The analysis includes 12 trials and a total of 1763 participants. Duration of interventions ranged from two to twelve weeks, with total follow-up durations ranging from four to 52 weeks. Through the review the researchers found acupuncture administered to adults with osteoarthritis to be associated with a statistically significant reduction in pain intensity, improved functional mobility and improved health-related quality of life. Reductions in pain were greater in trials with longer intervention periods. Major adverse events with acupuncture were not reported. The researchers suggest that acupuncture is most effective for reducing osteoarthritic pain when administered for more than four weeks. The researchers also postulate that due to the chronic inflammatory nature of OA it may be necessary for a “threshold dose” to obtain benefits and as such recommend 10 treatments on average with the aim of reversing the pathological changes that may have occurred in the central nervous system in regards to pain modulation.[i]
The second study noted above reports on a nurse led acupuncture study with the aim of postponing or avoiding knee surgery for patients with OA of the knee. 90 patients agreed to participate and after 1 month the trial achieved clinically significant improvements in pain, stiffness and function which continued for up to 2 years for over a third of patients. Acupuncture was given at weekly intervals for 1 month, and then reduced progressively to 6 weekly which mirrors common clinical practice. Patients who did not respond to manual acupuncture are given electro acupuncture and treatment was discontinued at 6 weeks if there is still no response. The researchers concluded that the use of acupuncture was associated with significant reductions in pain intensity and an improvement in functional mobility and quality of life. [ii]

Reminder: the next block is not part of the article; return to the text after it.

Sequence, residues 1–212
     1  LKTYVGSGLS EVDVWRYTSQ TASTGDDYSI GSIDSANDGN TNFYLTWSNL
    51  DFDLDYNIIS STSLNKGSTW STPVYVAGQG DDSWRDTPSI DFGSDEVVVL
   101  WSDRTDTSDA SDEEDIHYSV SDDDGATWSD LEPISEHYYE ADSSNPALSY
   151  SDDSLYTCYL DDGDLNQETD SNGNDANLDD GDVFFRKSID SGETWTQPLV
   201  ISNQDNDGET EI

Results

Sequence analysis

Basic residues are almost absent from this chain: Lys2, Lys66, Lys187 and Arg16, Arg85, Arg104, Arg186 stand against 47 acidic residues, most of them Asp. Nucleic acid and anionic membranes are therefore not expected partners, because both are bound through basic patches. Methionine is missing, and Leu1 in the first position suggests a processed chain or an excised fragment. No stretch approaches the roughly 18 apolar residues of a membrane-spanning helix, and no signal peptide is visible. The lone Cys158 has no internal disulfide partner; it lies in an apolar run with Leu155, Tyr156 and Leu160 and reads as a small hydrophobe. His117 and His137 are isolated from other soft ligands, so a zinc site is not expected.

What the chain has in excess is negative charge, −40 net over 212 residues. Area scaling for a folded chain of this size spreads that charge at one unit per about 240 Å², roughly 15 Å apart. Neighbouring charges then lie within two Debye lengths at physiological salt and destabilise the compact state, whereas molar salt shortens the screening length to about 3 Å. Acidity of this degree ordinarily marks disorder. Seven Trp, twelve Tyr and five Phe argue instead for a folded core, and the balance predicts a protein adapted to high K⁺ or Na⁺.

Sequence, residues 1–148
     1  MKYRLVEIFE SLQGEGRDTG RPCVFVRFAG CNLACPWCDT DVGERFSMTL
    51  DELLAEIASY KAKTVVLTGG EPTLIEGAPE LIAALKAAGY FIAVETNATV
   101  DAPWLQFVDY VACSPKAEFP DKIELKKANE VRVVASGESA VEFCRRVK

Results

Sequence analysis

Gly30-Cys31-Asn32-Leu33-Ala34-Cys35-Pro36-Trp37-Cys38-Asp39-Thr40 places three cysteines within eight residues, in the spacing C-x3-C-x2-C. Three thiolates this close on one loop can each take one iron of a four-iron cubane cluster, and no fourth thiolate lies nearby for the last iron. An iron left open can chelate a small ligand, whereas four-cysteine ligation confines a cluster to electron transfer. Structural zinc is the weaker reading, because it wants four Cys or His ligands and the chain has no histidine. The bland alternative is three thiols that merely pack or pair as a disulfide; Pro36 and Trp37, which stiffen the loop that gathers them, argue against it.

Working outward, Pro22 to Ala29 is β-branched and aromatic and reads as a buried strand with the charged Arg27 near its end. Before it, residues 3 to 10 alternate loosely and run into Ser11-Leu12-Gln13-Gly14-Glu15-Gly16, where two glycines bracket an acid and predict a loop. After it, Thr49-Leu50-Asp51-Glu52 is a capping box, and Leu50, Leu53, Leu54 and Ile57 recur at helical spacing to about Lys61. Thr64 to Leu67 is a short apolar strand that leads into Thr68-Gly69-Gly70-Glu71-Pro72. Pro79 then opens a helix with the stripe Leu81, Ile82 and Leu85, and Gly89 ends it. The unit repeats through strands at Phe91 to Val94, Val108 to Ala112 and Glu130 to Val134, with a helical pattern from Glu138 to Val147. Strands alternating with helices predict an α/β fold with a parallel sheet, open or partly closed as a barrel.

As noted in the above studies acupuncture treatment of OA is best performed weekly for 4-6 weeks and then gradually spread out to a maintenance dose as pain and stiffness decreases. Maintenance schedule depends on a patient’s response to treatment which will be determined by the underlying level of degeneration, their tendencies towards inflammation and the amount of activity required in their day to day lives.
[i] Pain management with acupuncture in osteoarthritis: a systematic review and meta-analysis
Manyanga et al. BMC Complement Altern Med. 2014; 14: 312.
[ii] Group acupuncture for knee pain: evaluation of a cost-saving initiative in the health service, White et al, Acupunct Med. 2012 Sep; 30(3): 170–175.
Irritable bowel syndrome is classified as a chronic functional gastrointestinal disorder. "Functional", as the symptoms occur without any structural abnormalities of the digestive tract and without any obvious abnormalities in the absorption of nutrients, fluids and electrolytes.1